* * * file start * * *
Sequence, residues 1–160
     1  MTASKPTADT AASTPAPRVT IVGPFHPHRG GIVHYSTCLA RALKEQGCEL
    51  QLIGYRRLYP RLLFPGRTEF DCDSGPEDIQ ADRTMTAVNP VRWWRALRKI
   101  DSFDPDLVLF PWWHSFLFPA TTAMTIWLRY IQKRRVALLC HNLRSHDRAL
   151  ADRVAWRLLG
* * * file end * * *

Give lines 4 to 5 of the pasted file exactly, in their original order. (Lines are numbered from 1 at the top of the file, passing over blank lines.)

   101  DSFDPDLVLF PWWHSFLFPA TTAMTIWLRY IQKRRVALLC HNLRSHDRAL
   151  ADRVAWRLLG